Fostering diversity and inclusion can be likened to teaching. Both require a lot of hard work, passion, energy and training. And no matter how much teachers do in the classroom, they will always wonder what more they could have done or what they should have done differently.
The exact impact of teachers is difficult to directly measure, and the work of a teacher can never truly be considered “done.” But teachers’ efforts are appreciated by those they serve, and their work also has an important influence on other current and future teachers.
In that spirit, many financial planning professionals and firms are currently contemplating their craft and their approach and what adjustments or improvements they can undertake to have a more positive impact on diversity in their sphere of influence.
Here are a few efforts that have impressed and inspired me as I have watched the financial planning profession grow. While these companies are striving to make an impact, none of them would feel completely content or satisfied with what they have done.
Some examples of efforts moving our profession the right direction:
- The CFP Board hired D.A. Abrams as the new director of its Center for Financial Planning and made one of his primary responsibilities fostering “a more diverse financial planner workforce that reflects the changing demographics in the United States.”
- TD Ameritrade Institutional earmarked some of its national scholarships for diverse students.
- TD Ameritrade Institutional ensured that historically black colleges and universities and Hispanic-serving institutions would receive some of its grants to support their financial planning degree programs.
- Schwab created and sponsored high school Financial Planning Academies through the Schwab Foundation, including two in locations that serve a higher percentage of diverse students.
- Pershing Advisor Solutions and JPMorgan co-sponsored an event to train and encourage more women to enter the financial planning profession.
Although my home state of Utah is not the most diverse state, attendance at our inaugural Financial Planning Academy at Utah Valley University, funded by the Schwab Foundation, included more than one-third of attendees from diverse backgrounds and more than half female.
The Financial Planning Association and the National Association of Personal Financial Advisors have been working on diversity initiatives and scholarships for decades and have created learning circles and resources to connect and empower planners from a variety of backgrounds.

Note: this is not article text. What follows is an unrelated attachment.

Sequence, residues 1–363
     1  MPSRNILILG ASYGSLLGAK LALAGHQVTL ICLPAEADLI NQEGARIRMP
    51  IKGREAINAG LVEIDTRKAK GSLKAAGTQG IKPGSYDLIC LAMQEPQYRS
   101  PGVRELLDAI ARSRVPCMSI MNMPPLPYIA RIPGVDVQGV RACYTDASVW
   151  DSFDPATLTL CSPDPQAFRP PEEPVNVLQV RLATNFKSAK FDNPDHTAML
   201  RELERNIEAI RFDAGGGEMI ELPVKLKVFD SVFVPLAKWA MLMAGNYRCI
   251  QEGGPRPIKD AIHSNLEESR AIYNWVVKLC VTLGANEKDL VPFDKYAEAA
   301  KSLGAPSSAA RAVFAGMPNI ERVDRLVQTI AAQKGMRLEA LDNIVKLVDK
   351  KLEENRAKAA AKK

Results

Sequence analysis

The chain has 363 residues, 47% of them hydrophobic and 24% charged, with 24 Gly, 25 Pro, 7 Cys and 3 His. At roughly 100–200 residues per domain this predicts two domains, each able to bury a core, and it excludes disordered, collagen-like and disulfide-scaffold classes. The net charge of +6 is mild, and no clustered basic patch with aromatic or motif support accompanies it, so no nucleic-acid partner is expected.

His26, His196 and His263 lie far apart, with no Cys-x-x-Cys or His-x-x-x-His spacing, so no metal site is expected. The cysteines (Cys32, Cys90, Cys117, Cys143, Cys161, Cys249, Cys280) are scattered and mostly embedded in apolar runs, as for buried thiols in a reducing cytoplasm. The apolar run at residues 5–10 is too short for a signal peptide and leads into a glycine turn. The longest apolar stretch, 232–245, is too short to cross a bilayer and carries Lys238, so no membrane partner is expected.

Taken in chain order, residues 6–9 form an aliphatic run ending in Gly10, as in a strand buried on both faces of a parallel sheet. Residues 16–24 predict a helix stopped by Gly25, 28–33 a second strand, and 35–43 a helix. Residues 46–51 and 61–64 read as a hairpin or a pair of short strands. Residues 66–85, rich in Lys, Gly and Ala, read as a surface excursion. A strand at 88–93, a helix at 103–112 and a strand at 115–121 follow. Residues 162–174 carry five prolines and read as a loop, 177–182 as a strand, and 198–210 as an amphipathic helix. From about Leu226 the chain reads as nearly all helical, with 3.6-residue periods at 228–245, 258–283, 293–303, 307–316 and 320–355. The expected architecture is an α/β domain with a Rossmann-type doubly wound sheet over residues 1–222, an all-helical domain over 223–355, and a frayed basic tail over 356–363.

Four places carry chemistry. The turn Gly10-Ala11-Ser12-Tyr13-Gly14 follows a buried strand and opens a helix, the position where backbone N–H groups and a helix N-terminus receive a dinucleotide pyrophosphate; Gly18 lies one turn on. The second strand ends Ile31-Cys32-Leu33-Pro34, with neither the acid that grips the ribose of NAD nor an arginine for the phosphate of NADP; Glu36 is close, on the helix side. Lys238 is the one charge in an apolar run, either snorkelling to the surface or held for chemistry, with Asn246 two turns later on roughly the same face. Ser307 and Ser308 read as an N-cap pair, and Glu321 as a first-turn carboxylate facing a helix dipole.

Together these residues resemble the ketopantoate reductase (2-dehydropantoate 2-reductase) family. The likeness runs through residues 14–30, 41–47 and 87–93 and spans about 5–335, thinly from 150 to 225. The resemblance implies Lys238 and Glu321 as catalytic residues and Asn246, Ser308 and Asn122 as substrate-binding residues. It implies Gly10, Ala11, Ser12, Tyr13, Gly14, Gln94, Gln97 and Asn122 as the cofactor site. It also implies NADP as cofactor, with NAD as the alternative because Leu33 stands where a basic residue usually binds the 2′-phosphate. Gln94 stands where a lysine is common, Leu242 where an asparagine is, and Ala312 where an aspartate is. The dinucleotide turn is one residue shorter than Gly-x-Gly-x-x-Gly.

Martin Seay, president of the FPA, said they are focusing on “leadership, education, community, and opportunity for those who are diverse or who serve diverse communities.”
Terrance Martin, assistant professor of financial planning at Utah Valley University, views the FPA as being at the forefront with its establishment of subgroups focused on women and race. He noted that the FPA’s 2019 retreat had a panel on racial diversity and client communication, as well as a number of other presentations. But he wants to see companies at all levels “be more intentional about earmarking scholarships and funding on a larger scale to universities that predominantly serve underrepresented groups.”
While these efforts are admirable, there is still more that firms can do. Often the toughest internship or job to get is the first one. Firms need to be there to offer internships and entry-level jobs, and the essential training and skills developed there will help launch the futures and careers of the next generation of financial planning talent.
I believe teaching can have immeasurable impacts and influences in the lives of individuals. I also believe that collectively the financial planning profession can have an immeasurable and immediate impact by taking intentional steps in our own spheres of influence.
Luke Dean is the CFP program director for the personal financial planning degree program at Utah Valley University.
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